Quebec condo owner told her emotional support husky is too heavy
A woman living north of Montreal is in a battle with her condo association after the board found that the two-year-old husky she adopted from the SPCA to help with mental issues is over the weight limit.
Sarah Michaud-Allard suffers from anxiety and depression and adopted a husky mix named Princess three months ago rather than purchase a costly service dog, which she found could cost over $20,000.
"It's too expensive for me," she told CJAD 800 Radio's Andrew Carter. "It made much more sense to go to the SPCA, try to find a dog that could match what I need and get [her] trained to become my service dog."
The only problem is that Princess is 35 pounds, 10 pounds over the condo's limit.
Michaud-Allard said that when she purchased the condo in Saint-Jerome two years ago and signed the contract with the condo board, she had a copy of the old rules, which didn't say anything about a dog's weight limit.
She didn't notice that the rule regarding dog weight had changed when the new rules were sent to her electronically.
"When they forwarded me the new condo rules, in my head, it didn't click that they were different," said Michaud-Allard.
When she received the lawyer's letter from the condo association, Michaud-Allard said she suffered serious panic attacks.
"I was on the floor, unable to breathe," she said. "Many times, I was on the phone with my family telling them I was so overwhelmed, I didn't know what to do... Then I would feel my dog come lick my face, paw at me. She would touch her nose all over my body to try to make me react and then she would just lay down next to me instinctively."
It is not the first time a tenant in Quebec has had an issue with a building's management due to their emotional support dog being too large. Damiano Raveenthiran filed a human rights complaint in 2021 after he was denied an apartment because the building management found his 70-pound Doberman, Cash, was too big and either he or the animal had to go.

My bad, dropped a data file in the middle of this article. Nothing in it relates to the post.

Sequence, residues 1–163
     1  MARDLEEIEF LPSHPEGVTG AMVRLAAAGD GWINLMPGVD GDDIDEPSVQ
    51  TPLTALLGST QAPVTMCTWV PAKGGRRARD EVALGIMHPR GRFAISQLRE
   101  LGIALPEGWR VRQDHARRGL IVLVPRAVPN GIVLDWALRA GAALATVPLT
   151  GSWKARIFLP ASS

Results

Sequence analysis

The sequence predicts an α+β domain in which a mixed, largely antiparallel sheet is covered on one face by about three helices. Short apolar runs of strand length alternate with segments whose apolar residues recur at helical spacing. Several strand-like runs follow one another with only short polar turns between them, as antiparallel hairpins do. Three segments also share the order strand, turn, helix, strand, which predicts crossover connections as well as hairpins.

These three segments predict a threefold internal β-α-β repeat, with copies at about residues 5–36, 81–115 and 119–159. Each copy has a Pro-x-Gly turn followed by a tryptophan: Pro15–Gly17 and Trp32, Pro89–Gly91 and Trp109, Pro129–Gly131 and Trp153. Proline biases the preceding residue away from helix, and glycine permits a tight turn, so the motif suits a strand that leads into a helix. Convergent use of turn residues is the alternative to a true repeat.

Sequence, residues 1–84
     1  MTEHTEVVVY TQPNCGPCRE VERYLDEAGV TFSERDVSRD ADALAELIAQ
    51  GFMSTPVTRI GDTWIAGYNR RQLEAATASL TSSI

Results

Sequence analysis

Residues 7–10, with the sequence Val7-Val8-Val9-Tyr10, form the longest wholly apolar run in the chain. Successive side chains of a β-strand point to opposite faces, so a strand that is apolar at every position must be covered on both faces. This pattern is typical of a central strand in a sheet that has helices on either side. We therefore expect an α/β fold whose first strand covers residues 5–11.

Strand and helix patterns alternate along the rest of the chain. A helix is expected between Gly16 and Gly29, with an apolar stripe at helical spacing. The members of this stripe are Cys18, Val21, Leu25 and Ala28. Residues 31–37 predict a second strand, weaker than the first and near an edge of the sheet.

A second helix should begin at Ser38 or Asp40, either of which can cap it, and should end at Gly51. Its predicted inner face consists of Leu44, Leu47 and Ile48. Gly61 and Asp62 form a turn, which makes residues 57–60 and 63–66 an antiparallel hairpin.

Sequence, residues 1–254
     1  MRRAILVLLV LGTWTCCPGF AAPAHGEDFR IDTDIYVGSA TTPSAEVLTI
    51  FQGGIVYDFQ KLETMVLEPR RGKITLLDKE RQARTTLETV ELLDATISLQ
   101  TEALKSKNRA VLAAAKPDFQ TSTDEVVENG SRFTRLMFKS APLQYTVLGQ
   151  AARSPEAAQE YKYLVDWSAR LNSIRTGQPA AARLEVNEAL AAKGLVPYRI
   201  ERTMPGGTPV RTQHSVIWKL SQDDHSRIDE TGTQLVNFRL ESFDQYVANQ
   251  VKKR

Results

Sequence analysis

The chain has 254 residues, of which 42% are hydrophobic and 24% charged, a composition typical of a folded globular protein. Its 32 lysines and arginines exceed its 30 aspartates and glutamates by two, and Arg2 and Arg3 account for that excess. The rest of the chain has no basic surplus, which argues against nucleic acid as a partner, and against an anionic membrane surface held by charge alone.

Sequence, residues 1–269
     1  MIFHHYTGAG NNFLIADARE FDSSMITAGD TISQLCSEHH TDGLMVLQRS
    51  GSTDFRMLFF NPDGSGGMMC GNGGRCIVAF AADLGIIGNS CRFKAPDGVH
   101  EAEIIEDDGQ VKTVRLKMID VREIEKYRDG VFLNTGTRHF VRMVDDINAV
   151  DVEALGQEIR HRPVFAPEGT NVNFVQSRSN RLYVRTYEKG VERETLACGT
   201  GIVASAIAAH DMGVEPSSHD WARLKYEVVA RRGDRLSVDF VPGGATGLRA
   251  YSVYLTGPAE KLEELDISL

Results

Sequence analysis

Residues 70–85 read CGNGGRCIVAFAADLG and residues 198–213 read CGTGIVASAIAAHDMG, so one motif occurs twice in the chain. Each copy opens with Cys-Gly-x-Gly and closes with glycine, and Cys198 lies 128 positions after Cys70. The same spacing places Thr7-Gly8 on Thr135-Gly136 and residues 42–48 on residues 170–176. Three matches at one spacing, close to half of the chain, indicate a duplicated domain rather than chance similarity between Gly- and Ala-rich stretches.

John Agionicolaitis works at The Asista Foundation, which provides service dogs for people with PTSD, autism and disabilities. He told CTV News at the time that there is no legislation that references emotional support animals like there is for seeing-eye dogs and other service animals.
"If you have an emotional support dog, nothing stops the landlord or the people responsible for administering the complex to refuse that right to the person,” he said.
Michaud-Allard admits that Princess sometimes barks, particularly when other smaller dogs are near, but that her behaviour is improving.
"With obedience training, she calmed down quite a bit," she said.
She said not everyone in the building is trying to make her do something about the animal.
"Some people don't mind," she said, adding that a person on the condo board made a complaint.
Michaud-Allard said she forwarded paperwork to the condo board showing that Princess is being trained to become registered as a service dog as well as notes from her doctor.
"Just to show that I'm not making it up," she said. "It's really a medical reason."
Michaud-Allard and her fiance have forwarded all their documents to the Quebec Human Rights Commission.
"I'm just trying to get better. I need the tools to try to do that," she said.
With reporting from Andrew Carter at CJAD 800 Radio.